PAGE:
Furthermore, no legitimate charity will resort to illegal robocalls with stupid soundboards, behave abusively on the phone when you ask questions, bully and guilt-trip you into a pledge, and bomb your mailbox with “friendly reminder” letters.

More importantly, always trust your instincts. Your instincts did the homework already, in a sense. If you get even the slightest weird or gross feeling after you get off the phone with them, whether or not you can put a name to why, then that’s enough of a reason to send any donations you originally had for them to a more reputable and well-established charity instead.

On the other hand, if the charity using the fundraising agency turns out to be legitimate, then cut out the middleman and either anonymously donate the money to them yourselves, or consider an in-kind donation instead.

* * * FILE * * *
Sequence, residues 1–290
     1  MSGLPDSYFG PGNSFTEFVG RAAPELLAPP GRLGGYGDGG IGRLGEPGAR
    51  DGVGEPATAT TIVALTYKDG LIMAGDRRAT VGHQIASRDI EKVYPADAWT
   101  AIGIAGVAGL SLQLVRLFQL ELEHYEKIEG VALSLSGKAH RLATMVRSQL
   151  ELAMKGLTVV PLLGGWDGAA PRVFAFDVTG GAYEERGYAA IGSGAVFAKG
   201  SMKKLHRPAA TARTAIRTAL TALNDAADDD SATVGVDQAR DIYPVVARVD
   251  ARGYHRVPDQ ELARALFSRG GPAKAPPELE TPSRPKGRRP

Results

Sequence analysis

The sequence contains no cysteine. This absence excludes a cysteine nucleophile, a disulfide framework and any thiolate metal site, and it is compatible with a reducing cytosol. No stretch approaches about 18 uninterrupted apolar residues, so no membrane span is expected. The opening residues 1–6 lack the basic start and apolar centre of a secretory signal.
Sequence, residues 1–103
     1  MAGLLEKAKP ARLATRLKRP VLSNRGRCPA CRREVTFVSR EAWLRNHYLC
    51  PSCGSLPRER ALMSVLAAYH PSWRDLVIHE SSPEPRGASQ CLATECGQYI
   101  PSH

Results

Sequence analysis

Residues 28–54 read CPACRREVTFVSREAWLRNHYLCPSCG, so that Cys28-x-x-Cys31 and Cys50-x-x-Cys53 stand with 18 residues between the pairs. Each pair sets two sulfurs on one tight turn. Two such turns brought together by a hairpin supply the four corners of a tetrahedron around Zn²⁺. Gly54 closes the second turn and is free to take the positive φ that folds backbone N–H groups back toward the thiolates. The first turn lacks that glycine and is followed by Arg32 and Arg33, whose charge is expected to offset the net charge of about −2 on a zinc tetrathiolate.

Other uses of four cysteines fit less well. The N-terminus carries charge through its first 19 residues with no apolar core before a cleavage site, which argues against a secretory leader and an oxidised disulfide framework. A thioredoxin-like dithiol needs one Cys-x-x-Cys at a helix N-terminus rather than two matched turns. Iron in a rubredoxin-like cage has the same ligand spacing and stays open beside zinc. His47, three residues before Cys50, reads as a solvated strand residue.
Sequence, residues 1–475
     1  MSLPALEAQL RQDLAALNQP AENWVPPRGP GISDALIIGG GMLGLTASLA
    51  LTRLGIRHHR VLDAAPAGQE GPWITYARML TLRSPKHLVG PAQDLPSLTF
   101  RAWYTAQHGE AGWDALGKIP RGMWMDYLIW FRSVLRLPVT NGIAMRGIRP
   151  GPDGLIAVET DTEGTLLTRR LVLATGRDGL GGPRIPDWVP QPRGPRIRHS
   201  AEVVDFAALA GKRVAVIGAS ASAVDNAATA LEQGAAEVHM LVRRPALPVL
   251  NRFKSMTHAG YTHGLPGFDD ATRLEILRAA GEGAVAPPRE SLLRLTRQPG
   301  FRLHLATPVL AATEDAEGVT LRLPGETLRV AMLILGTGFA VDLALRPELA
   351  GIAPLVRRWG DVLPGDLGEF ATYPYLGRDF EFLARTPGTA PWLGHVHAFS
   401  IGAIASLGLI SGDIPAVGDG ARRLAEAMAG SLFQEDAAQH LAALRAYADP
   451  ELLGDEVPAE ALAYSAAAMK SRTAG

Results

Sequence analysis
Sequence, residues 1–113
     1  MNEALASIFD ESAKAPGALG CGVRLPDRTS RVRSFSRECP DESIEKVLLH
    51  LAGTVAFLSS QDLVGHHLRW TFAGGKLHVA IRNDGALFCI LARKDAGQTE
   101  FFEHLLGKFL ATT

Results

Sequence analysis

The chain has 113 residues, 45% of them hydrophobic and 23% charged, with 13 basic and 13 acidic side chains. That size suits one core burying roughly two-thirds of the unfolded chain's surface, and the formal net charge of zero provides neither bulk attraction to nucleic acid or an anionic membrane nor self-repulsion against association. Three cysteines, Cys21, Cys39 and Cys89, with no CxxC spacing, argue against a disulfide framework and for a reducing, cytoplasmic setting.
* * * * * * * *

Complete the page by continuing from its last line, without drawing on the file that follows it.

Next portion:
If you’re among the ones who’ve sent money to this agency, I’m truly sorry this happened to you. Know that none of this was your fault. You weren’t the one making the claims of helping people and soliciting people’s money. They were. You trusted that they were in it to help people, and they ultimately weren’t. That’s their fuck-up, 100%. They betrayed your trust, and that’s on them. Report your story to your local Attorney General office, and to the FTC, if for no other reason than to say that this happened to you and to get it on record.

Over to you, readers. Have you ever fallen for a charity scam? Know someone who has? Share your stories below, and let’s talk.

Liked this? Then check these out!

Leave a Reply

Your email address will not be published. Required fields are marked *

error: This content is protected and copyrighted.